On Wednesday, the Pentagon stated that it does not know where a Chinese rocket will crash, three days before it is expected to enter Earth. 

“It’s too soon to know exactly where it’s going to come down,” Defense Department spokesman John Kirby said of the huge Long March 5B rocket, which launched China’s first permanent space station into orbit. U.S. Space Command assesses “almost the entire body of the rocket” remains intact, Kirby said, and that it will return to Earth “somewhere around the 8th of May.’

“It’s also too soon to explore options about what, if anything, can be done about this until we have a better sense of where it’s coming down,” Kirby said, confirming a prior statement from Space Command that it would only have a few hours’ notice once it determines the rocket’s return trajectory. “I don’t want to hypothesize or speculate about possible actions the department might or might not take here. We’re tracking it, we’re following it as closely as we can. It’s just a little too soon to know where it’s going to go or what, if anything, can be done about that.”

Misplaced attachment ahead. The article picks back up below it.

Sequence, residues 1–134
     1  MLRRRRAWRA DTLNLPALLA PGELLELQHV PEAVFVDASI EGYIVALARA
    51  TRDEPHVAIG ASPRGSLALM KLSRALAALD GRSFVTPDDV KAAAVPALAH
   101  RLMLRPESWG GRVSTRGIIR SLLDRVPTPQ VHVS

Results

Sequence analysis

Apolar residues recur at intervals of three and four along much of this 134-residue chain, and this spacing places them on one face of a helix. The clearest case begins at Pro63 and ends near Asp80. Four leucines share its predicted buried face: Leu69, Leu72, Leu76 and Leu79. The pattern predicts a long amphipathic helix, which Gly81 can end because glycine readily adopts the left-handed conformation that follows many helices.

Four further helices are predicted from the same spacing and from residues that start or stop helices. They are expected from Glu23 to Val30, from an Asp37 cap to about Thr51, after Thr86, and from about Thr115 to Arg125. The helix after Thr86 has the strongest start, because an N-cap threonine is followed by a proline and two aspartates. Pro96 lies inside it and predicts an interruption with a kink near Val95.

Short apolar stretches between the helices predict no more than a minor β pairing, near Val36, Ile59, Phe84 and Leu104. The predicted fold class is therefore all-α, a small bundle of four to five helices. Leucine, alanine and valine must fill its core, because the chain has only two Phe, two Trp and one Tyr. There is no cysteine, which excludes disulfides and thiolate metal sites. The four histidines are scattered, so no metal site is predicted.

China through its state media on Wednesday blasted “Western hype of the ‘China threat’ in space technology advancement,” mentioned that experts believe it is “completely normal” for rocket debris to fall back down to Earth and that it “will fall in international waters.” This statement offers no official assessment of any incoming danger. 

The thought of falling space debris has raised concerns and warning bells among many analysts. 

“This is not unique. Things come down. What’s unique about this is it’s so large, and the Chinese did nothing to try to control its reentry or mitigate risk,” Todd Harrison, director of the Aerospace Security Project at the Center for Strategic and International Studies, tells U.S. News. “This is evidence that they are a junior space power that hasn’t really figured out how to operate safely and responsibly.”